5) Fill in the blanks based on what you listen:
Thousands of slaves passed through the doors of the house in Alexandria, Virginia and the Freedom House Museum downstairs provides a glimpse about what they experienced. As many as 60 men at a time were held in small space, separated from their families.
Ugandan-born curator Julian Kiganda cannot imagine what it was like for them, to know they might never see their loved ones again.
“Seeing that African-Americans had experienced on a regular basis, the separation of family. That for me was just so heartbreaking.”
Most of the slaves had worked on local plantations picking tobacco. When the soil was exhausted, they were sold to plantations further south to pick cotton, says Audrey Davis, head of Alexandria’s Black History Museum.
“They were coming from a variety of places, and then being held in the slave pens until they were shipped out, or until someone was buying them directly from the pen, and then they would be brought out for inspection.”
The slave pen took up an entire block, and was one of the most lucrative in the country. There was a kitchen, infirmary, dining area and an outdoor courtyard for exercise. The traders knew that healthier looking slaves would command higher prices, and even gave them new clothes.
“The tailor shop would create the clothes that the slaves would wear at the market so they would look expensive. The slaves, they would actually try to get rid of these clothes as soon as they could because they did not want to be reminded of being sold at market like property.”
The slaves were sold for up to four times what the traders had paid for them.
“People would pay $1,200 for a slave, back in those days, which is the equivalent of almost $30,000 in today’s money.”
The metal door in the museum is a copy. But the bars on the windows and brick walls are original.
Jacquelyn Nordorf, visiting from California, says it is chilling to imagine slaves crowded against these walls.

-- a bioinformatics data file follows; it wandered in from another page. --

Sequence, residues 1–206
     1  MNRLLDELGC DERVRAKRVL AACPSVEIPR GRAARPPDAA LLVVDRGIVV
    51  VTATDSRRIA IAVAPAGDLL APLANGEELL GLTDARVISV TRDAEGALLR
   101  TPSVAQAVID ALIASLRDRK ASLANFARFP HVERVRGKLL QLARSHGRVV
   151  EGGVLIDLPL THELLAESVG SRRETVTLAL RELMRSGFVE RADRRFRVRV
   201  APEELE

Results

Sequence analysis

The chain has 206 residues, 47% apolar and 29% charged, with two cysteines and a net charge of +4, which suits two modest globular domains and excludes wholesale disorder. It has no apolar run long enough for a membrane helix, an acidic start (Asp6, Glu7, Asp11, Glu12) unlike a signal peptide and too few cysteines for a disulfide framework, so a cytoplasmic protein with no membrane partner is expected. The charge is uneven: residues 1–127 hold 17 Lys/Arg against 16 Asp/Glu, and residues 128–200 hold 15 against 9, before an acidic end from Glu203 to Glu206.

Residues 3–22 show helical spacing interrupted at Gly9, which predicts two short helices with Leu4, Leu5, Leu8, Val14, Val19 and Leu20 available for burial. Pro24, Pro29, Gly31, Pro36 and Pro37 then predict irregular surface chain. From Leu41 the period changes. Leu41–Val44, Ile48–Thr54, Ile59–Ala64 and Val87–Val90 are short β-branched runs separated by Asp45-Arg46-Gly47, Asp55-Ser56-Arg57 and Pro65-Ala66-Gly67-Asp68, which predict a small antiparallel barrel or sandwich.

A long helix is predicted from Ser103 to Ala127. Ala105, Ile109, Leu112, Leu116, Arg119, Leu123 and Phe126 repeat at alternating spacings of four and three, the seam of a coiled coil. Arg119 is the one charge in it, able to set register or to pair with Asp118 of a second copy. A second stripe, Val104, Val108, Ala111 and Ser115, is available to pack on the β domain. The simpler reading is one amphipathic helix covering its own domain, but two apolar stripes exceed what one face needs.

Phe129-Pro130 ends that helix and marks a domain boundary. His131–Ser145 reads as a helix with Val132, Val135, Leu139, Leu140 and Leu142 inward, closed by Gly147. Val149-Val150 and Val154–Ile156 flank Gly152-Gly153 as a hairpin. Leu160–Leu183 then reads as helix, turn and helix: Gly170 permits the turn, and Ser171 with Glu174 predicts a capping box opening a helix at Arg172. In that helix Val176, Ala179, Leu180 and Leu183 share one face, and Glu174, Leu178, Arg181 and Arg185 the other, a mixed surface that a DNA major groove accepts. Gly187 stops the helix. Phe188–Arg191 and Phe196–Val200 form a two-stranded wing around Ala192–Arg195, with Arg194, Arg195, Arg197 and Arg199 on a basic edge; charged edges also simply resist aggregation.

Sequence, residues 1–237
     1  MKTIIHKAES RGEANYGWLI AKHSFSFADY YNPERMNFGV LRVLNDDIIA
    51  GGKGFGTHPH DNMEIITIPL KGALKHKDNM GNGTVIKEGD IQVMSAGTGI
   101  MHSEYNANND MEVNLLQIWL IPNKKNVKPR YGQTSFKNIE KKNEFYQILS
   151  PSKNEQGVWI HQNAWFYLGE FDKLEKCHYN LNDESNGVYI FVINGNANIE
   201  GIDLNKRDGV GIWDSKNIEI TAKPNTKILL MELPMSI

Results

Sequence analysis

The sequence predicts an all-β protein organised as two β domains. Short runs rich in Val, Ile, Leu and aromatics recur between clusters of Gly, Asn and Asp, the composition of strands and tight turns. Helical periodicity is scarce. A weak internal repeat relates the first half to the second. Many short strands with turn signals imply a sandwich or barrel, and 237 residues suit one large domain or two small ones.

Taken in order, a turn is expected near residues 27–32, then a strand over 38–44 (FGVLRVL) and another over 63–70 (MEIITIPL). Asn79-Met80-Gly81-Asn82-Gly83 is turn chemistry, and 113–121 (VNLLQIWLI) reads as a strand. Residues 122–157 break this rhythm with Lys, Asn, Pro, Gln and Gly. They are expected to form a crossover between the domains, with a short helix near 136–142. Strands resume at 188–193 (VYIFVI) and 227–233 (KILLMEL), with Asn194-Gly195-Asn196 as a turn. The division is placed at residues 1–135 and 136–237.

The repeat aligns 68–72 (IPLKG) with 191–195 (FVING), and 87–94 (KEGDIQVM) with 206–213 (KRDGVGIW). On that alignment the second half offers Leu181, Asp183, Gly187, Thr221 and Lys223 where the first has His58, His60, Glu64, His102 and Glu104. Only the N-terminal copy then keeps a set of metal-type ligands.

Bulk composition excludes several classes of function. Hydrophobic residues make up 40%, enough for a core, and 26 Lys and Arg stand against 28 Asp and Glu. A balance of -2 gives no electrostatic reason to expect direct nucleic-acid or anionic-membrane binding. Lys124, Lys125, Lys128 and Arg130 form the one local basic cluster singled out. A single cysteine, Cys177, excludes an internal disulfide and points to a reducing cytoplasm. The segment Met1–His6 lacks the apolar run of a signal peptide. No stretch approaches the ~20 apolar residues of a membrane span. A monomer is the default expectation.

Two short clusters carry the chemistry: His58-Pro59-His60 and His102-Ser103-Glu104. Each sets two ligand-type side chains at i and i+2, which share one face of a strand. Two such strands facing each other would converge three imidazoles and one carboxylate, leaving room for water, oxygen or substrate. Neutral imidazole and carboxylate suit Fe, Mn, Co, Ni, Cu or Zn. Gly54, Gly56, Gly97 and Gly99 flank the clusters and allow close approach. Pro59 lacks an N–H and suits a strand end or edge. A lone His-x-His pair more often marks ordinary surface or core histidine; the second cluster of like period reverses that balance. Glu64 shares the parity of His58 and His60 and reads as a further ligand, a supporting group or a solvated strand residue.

“It saddens me but it is our history. It was scary to be in a place where the slaves were actually kept and these people were sold for their lives.”
When they were transported, the slaves were shackled together to prevent escape and put on ships, or forced to walk long distances to plantations in the south.
Visitors are encouraged to touch these slave chains.
“We felt it was important for people to have the ability to actually feel these things and feel the reality of what happened here.”
Some people feel the presence of spirits here. The house now belongs to the Northern Virginia chapter of the Urban League — an organization that empowers African-Americans. Chief Executive Officer Cynthia Dinkins and her staff say they have heard and seen things they can’t explain.
“I felt something brush against me, but I didn’t feel threatened at all. And they are like Oh no! Yes, yes, we’ve experienced things like that, doors opening and closing, footsteps.”
The slave pen was closed during the American civil war, fought between the northern Union and southern Confederacy, where slavery supported the economy. After Southern-backed Alexandria surrendered to Union soldiers in 1861, the pen was turned into a prison. It was used to jail unruly Union soldiers, and ironically, Confederate soldiers, who found themselves captured and held as the slaves had been.